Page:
Cauliflower: How To Use It, Why Use It & How To Pick and Store.Leave a comment
July 4, 2016 by Living Girl Living Foods
You can bake it, steak it, grill it, fry it, mash it, puree it, turn it into a pizza crust, it can be your healthier choice potato replacer, mock buffalo chicken, popcorn replacer, chop finely into a rice, eat it raw, crumble it as a nut or cheese replacer, and there are probably even more ideas that I’m forgetting. The past two years cauliflower has truly blasted into delicious fame.
Cauliflower “rice” for sushi rolls xo Y-U-M-!
It has almost no taste on its own giving you the chance to give it a personality that fits best for you. Cauliflower has the dietary fiber most of us lack from choosing things like wheat dough, potatoes and so forth instead of this vegetable. It is a source of
Vitamin C, B 1,2,6 & K, manganese, folate, protein, and Omega-3’s while having a low calorie count.
According to the USDA National Nutrient Database, one cup of chopped raw cauliflower (1/2 inch pieces, about 107 grams) contains 27 calories, 2 grams of protein, 0.3 grams of fat, and 5 grams of carbohydrate (including 2.1 grams of fiber and 2 grams of sugar).
Eating one cup of raw cauliflower will provide 77% of your vitamin C needs, 20% of vitamin K, 10% or more of vitamin B-6 and folate needs for the day, as well as smaller amounts of thiamin, riboflavin, niacin, pantothenic acid, calcium, iron, magnesium, phosphorus, potassium and manganese.
Sometimes we can find purple and orange cauliflower, there is no difference in taste but orange cauliflower does have 25% more Vitamin A then white cauliflower. Purple cauliflower is high in antioxidants, and pointy geometrical pyramid mania Romanesco(pictured below) – has more fiber and a nuttier taste and crunch.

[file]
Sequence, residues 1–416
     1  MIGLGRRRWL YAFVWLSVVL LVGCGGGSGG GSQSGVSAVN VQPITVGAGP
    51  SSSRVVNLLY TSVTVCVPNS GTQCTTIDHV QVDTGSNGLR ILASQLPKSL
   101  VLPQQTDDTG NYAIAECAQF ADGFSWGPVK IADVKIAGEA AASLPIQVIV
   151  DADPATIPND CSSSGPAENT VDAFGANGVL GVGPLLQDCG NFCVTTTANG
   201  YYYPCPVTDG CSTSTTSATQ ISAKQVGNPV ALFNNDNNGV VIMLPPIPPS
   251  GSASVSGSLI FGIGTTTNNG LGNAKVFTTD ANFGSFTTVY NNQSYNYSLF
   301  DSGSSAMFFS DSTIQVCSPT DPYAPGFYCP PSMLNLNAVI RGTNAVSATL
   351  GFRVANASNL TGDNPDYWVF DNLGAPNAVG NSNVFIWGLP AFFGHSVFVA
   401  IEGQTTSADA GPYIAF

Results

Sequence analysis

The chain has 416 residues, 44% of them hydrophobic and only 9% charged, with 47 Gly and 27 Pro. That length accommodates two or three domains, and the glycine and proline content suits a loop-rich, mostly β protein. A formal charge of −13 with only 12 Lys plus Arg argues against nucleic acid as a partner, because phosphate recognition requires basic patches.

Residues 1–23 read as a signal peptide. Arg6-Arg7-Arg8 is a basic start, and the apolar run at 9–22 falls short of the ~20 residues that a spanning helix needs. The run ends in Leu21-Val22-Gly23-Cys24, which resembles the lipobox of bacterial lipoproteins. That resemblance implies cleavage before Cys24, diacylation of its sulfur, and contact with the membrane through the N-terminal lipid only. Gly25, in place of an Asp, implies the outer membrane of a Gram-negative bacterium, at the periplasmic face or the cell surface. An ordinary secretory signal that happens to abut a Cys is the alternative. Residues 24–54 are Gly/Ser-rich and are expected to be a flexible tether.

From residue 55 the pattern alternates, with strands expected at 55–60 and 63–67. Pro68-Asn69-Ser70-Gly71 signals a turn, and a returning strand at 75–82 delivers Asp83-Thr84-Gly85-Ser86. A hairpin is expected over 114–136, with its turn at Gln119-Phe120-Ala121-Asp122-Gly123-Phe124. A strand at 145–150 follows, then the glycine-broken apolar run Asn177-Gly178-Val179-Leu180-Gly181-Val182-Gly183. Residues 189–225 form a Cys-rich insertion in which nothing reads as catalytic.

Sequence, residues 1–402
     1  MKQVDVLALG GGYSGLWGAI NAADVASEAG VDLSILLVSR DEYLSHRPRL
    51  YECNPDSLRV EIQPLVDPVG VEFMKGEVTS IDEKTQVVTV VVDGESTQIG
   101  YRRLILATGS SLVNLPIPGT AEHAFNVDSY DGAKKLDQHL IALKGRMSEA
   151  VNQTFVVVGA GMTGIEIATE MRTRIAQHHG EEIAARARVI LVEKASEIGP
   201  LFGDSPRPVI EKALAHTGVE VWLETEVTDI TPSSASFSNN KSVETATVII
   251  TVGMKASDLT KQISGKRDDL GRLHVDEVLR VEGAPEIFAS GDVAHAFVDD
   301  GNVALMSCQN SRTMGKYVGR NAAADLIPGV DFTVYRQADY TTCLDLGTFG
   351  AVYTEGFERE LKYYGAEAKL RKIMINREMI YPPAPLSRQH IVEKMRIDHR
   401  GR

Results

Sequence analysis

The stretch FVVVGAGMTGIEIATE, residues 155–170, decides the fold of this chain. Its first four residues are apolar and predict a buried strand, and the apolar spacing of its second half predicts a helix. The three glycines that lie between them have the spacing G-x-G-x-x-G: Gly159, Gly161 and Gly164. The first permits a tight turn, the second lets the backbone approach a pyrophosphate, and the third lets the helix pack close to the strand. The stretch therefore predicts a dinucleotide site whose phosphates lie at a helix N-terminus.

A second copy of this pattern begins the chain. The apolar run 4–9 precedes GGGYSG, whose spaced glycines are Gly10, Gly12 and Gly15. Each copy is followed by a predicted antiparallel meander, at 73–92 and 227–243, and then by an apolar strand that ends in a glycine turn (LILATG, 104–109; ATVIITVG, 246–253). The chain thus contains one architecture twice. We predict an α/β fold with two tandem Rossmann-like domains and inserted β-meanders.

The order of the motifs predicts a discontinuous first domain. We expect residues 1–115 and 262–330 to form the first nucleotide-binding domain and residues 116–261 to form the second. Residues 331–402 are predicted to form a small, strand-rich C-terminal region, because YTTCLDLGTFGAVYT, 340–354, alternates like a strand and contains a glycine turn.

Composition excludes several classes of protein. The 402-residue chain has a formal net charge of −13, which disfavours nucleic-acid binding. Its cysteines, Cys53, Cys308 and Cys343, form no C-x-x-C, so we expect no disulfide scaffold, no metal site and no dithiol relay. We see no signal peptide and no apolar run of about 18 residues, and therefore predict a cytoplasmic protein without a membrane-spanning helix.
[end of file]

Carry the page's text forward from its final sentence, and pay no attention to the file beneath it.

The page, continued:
How does cauliflower get its shape and color?
The cauliflower head is a cluster of aborted, malformed flower buds that stopped developing in the bud stage. Descended from wild cabbage, cauliflowers once closely resembled kale or collards. These days, cauliflowers form a compacted head of undeveloped white flower buds called the “curd”. A tight encasing of heavy green leaves surrounds these buds. These leaves protect the cauliflower from the sun and prevent the development of chlorophyll; no chlorophyll gives this vegetable its creamy coloring.
How do I pick and store cauliflower?
When selecting your cauliflower make sure to choose a head that is firm, compact and creamy white. Avoid any signs of yellowing, as this indicates subsiding freshness. Avoid speckling or brown patches on the leaves or cauliflower head as this can mean insects or mold. To ensure you get the best cauliflower in the bunch, don’t forget to check the greens that wrap the underside of the cauliflower. These leaves should be fresh looking without any signs of withering.
To maintain optimal freshness, store cauliflower stem side up in the crisper drawer of the refrigerator. Storing the cauliflower with the head facing down will prevent water droplets from gathering and forming mold on the curd. Stored in an open or perforated plastic bag cauliflower will remain fresh for approximately 5 to 7 days. Precut florets, while more convenient, do not keep as well and should be consumed within a day of purchase. Once they are cut, the vegetable will oxidize, thus losing nutrients.
Please do not forget to wash your vegetables. With cauliflower it is easier to wash it after it has been cut. You can use a salad spinner or soak in water then drain. Simply running it under cold water is not enough since these are thousands of little compact tiny flowers that are tightly closed in.
I hope this gives us some ideas on how to get creative with cauliflower and may be appreciate it more. Thank you for taking the time to stop by my site. Much love ❤ and raw power 😉